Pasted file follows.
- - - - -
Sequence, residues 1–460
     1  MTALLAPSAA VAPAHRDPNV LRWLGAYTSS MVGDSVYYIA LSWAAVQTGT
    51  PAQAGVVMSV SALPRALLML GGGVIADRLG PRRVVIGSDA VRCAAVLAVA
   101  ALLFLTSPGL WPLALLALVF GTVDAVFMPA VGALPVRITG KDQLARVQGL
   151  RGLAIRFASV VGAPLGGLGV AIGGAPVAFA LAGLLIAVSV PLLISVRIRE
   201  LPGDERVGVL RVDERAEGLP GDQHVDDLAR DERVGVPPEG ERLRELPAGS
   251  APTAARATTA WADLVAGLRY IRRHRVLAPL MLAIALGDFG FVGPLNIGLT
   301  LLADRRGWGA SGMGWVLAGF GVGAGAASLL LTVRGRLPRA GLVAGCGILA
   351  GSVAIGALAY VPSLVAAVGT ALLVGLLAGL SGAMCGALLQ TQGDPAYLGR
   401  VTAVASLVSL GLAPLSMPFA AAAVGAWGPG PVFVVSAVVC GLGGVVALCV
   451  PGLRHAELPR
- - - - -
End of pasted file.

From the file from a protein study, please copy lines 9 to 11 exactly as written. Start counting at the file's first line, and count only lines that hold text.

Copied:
   351  GSVAIGALAY VPSLVAAVGT ALLVGLLAGL SGAMCGALLQ TQGDPAYLGR
   401  VTAVASLVSL GLAPLSMPFA AAAVGAWGPG PVFVVSAVVC GLGGVVALCV
   451  PGLRHAELPR